Resistance to Tear Propagation

In addition to a sealant’s tensile adhesion strength and elongation capacity, its tear propagation resistance can play an important role under strain and repeat loading. Some structural silicone formulations propagate tears more readily than others and a product weak in this aspect would lead to a lower system drift capacity, as shear failure could occur earlier (assuming a tear site emerged in the structural seal during earthquake racking and was thus susceptible to

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Rochester Institute Of[43]Technology pursuant to License Agreement. No further reproductions authorized.

TABLE 1—High strain rate data in tension and shear.

High strain rate data for two-part high modulus structural sealant

Strain rate, m/s (average values from ten specimens, each configuration ASTM Cl 135 or C961 [15] test and strain rate дц specimens failed cohesively)

specimen with dimensions noted

(see Figs. 16 or 17) 0.00085a 0.5 1.1

о Max load—Newton (lb), % change0

1192 (268)

1842 (414), 55 %|

1975 (444), 66 %T

“Max stress—MPa (psi), % change0

1.23 (179)

1.90 (276), 55 %T

2.04 (296), 66 %T

Elongation at max load, % change0

79

128, 62 %|

145, 84 %T

Elongation at break, % change0

99

184, 86 %T

209, 111 %T

Tension 0135, Newton (lb) 0.5 wide x 0.5 deep

x 2 in. long (12.7

x 12.7 x 50.8 mm), see Fig. 16

Max load—Newton (lb), % change0

743 (167)

1254 (282), 69 %

1383 (311), 86 %T

Max stress—MPa (psi), % change0

1.15(167)

1.94 (282), 69 %T

2.14(311), 69 %T

% Elongation at max load, % change0

126

210, 67 %|

230, 83 %T

% Elongation at break, % change0

141

254, 80 %T

290, 106 %T

Shear C961, Newton (lb) 0.25 thick x 0.75 long x

1 in. wide (6.4 x

19 x 25 mm), see Fig. 17

Max load—Newton (lb), % change0

529(119)

1058 (238), 100 %T

1019(229), 92 %|

Max stress—MPa (psi), % change0

1.10(159)

1.6(317), 99 %T

1.6 (305), 92 %|

% Elongation at max load, % change0

112

153, 37 %|

149, 33 %T

% Elongation at break, % change0

131

207, 58 %T

Tension 0135, Newton (lb) 0.25 wide x 0.75 deep x 2 in. long (6.4 x 19 x 25 mm), see Fig. 16

propagate) than with a product more resistant to this action. This type of behav­ior may have possibly been exposed in a field inspection of a four-story four­sided SSG facade following the 1994 Northridge earthquake near Los Angeles, U. S. [8]. The building inspected was glazed and constructed in 1979-1980 utiliz­ing an acetoxy cure structural silicone sealant, a recognized trait of which is lower resistance to tear propagation. Had a structural silicone with increased resistance to tear propagation been used in that design, it is possible that less damage to that curtain wall system may have occurred from the movements estimated and realized during that event.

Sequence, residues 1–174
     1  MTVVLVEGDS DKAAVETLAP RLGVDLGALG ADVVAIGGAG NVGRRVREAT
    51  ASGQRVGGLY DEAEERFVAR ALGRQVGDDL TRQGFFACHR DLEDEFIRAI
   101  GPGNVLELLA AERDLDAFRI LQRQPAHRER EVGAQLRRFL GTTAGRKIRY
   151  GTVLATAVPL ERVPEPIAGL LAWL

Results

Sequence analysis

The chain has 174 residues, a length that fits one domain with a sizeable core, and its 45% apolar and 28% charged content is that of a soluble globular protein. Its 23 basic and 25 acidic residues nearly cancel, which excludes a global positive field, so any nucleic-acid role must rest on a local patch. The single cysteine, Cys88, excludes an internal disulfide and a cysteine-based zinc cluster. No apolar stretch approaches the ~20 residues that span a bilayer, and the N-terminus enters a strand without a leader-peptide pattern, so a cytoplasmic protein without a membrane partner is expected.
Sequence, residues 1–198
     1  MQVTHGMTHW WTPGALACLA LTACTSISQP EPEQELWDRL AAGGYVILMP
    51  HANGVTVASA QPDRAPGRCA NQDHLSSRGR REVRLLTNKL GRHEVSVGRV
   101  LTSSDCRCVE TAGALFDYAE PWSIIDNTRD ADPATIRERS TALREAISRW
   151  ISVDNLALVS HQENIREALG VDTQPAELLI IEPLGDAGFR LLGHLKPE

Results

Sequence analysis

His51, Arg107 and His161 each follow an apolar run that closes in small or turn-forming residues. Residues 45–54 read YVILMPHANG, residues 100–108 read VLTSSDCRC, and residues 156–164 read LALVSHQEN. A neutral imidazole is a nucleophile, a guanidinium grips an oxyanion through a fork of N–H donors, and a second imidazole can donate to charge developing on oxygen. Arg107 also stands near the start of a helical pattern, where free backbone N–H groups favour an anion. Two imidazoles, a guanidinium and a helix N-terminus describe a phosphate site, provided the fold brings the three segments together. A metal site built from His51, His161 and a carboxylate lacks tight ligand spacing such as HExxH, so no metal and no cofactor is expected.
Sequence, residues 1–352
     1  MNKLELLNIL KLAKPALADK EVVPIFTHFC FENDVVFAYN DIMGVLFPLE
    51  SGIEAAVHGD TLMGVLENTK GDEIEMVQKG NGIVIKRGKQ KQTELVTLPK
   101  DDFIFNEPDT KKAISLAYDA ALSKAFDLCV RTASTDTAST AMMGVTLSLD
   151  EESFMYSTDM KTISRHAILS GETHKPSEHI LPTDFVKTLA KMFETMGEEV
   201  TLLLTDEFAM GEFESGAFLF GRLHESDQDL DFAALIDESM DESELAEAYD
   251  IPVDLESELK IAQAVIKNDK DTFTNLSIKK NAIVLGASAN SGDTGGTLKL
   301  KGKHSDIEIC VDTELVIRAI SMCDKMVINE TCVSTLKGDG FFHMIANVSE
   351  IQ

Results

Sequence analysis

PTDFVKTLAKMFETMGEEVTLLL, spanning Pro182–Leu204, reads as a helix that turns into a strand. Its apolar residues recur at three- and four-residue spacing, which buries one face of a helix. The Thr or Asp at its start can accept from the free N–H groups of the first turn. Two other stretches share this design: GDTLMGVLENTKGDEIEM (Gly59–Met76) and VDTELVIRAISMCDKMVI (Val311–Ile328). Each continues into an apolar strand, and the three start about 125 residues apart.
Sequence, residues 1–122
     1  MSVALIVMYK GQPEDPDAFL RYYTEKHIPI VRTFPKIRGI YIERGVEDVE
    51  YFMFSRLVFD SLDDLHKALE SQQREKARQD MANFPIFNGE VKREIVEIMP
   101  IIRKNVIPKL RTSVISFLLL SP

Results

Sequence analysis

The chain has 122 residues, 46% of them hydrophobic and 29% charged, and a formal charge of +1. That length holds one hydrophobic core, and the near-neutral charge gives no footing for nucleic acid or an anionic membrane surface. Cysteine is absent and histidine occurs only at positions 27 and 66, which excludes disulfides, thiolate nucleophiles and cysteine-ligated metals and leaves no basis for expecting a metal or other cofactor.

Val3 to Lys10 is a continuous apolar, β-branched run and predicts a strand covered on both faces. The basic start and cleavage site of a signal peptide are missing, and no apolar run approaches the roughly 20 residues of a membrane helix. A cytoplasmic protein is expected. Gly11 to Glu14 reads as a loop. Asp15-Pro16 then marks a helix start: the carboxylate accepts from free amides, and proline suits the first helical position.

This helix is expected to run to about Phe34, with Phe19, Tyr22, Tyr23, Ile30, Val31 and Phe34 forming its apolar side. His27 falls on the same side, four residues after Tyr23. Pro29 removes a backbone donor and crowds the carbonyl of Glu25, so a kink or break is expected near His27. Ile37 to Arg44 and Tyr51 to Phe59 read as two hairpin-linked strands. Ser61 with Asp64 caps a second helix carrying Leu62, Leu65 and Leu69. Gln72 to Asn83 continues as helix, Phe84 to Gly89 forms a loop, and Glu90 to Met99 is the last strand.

The Guideline for European Technical Approval for Structural Sealant Glazing Kits (ETAG 002) [16] provides one measurement of this property. Sec­tion 5.1.4.6.4 of this guideline presents a method to assess “resistance to tear­ing," which encompasses purposefully introduced cuts or “nicks" of defined dimension into the rubber of standardized specimens, see Fig. 6. These nicked specimens are then pulled to destruction on tensile-elongation equipment with the result of the test categorizing the product into one of two categories. Use category 1 represents a rubber that retained at least 75 % of un-cut control specimens, and use category 2 represents a rubber that retained at least 50 % but less than 75 % of un-cut control specimens. A rubber not retaining at least 50 % of controls does not meet the requirements of the document and may not be used in adhesively bonded SSG construction. Considering the above discus­sion regarding resistance to tearing, logic would suggest that a product that tests to the “use category 1" classification should bear consideration for seismic SSG designs.

Table 2 below shows the ETAG 002 tested category of several commercially available structural sealants as outlined in their respective ETA document.

From the information contained in Fig. 5 and Table 2, it is evident that there is sufficient variability in the tested mechanical properties of current com­mercially available structural silicone sealants and that some may be more appropriate for use in seismic regions than others. These highlighted properties of a structural sealant can play a more important role in the performance of SSG systems in seismic regions and product selection should be a consideration for use in such designs. In addition to the mechanical properties discussed, it

FIG. 6—Tear resistance specimen configuration and location of nicks.

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TABLE 2—Tear propagation use category per ETAG 002.

Sealant type

Claimed movement

classa

Availability

Use

category

2-Component structural silicone

12

Americas, Asia, Europe

2

2-Component structural silicone

25

Americas, Asia

1

1-Component structural silicone

25

Euro, Asia

1

2-Component structural silicone

25

Americas

2

2-Component structural silicone

Europe, Asia

1

1-Component structural silicone

Europe

2

aWhen tested to ASTM C719 [17].

goes without saying that adhesion quality and adhesive bond durability are equally important factors in the successful use of these systems.